Again we must ask WHY? If I criticise Riane Eisler for not telling us why evolution and destiny permitted those northern hordes to ‘stand reality on its head’ (to use her expression), then I do not want to be accused of the same sin. Thus, the problem at the root of it all is simply a penetrating understanding of the real purpose for this evolutionary play on Earth, and its mechanism; and this question of Integrality, of the development of a complete species in place of the species of half-light (both men and women) which describes our race. The central issue is that the mental principle does not represent the complete scale or potential for the individual. Yet having entered into an Age in which this question had to be dealt with, we were cast fully into the domain (and dominance) of Mind – (not male dominance) to work out that ‘knot’ in the species’ evolution of consciousness, to finally come to the higher reality which is an integration of all the parts of the being. This can only come to pass once that highest Principle is integrated into the evolutionary process. And this is done by successfully emerging from the present transitional phase.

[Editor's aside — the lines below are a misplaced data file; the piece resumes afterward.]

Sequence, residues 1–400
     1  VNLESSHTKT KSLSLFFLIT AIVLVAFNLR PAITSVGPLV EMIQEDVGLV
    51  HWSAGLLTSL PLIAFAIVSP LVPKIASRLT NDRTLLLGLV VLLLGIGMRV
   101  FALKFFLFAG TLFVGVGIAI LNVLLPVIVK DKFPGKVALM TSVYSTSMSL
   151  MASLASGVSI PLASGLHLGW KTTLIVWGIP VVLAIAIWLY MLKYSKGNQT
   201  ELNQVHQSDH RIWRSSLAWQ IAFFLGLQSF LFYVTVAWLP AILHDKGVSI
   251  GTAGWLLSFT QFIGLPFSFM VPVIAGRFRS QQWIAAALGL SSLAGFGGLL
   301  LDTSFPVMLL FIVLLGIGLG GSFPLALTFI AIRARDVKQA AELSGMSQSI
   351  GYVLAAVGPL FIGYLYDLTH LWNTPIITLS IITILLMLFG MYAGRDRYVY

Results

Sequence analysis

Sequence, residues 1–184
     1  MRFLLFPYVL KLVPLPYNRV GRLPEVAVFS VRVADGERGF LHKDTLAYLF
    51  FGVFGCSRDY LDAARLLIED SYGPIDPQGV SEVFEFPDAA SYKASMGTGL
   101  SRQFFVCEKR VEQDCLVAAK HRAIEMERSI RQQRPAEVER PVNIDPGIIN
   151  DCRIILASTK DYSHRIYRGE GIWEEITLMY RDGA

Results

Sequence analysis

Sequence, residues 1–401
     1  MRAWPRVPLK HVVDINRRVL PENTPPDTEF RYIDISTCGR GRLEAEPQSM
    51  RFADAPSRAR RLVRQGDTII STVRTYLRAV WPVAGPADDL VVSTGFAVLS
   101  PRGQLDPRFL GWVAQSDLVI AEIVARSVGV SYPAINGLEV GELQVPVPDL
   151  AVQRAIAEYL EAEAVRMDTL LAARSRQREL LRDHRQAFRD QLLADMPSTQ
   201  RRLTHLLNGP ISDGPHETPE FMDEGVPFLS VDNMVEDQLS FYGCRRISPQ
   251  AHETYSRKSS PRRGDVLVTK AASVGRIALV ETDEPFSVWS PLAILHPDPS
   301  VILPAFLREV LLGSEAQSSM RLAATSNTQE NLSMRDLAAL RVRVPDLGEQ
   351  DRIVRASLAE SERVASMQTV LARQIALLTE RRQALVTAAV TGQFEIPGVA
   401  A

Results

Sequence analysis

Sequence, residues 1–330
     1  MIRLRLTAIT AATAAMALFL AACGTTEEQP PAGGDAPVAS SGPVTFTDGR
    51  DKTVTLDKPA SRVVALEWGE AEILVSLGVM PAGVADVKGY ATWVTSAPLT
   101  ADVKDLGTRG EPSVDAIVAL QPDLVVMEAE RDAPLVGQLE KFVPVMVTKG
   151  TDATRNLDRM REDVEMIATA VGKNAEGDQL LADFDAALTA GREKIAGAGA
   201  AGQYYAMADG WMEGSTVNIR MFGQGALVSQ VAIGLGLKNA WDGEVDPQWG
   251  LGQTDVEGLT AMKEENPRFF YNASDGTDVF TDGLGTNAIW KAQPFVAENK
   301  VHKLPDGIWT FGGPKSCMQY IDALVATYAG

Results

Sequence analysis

Finally, women have to go beyond orthodox religions if they want to have that LIVED experience of the Goddess. How many are willing to do this? First of all, they must understand what religions signify, what makes them tick, so to speak. Thus one comes to understand that Religion is the child of the mental principle. In its essence and taken in isolation from the other cosmic principles – which is the nature of what we are experiencing in this transition: separation and division – Mind is a dualistic principle. Hence religions have divided humanity in the past and they continue to do so today, and they will continue to do so tomorrow. Thus to proclaim that the way to emerge from the impasse humanity is in is through something like an ‘interfaith dialogue’, for example, the latest brainchild of Dr. Karan Singh, is ridiculous. One attempts to use the tool of division for the process of healing. It is ludicrous. But the human being – or should I say, the human mind – is at the end of its tether. The paucity of inspiration we are faced with is pathetic. Karan Singh – another academic – goes to the extent of proclaiming that this ‘interfaith dialogue’ would be a way to realise the vision of such seers as Sri Aurobindo! Whom, by the way, he lumps together with Mohandas Gandhi! (I was tempted to write an article in response to his in ‘The Times of India’ refuting his claim, but what’s the point…).
            Well, the answer lies in the LIVED EXPERIENCE of the Goddess. Let women have that experience, and men. Then we will truly know a new world. And finally, true understanding arises when one realises that those invading hordes of male-deity worshippers were themselves the Mother! This is the whole point.

10 June 1990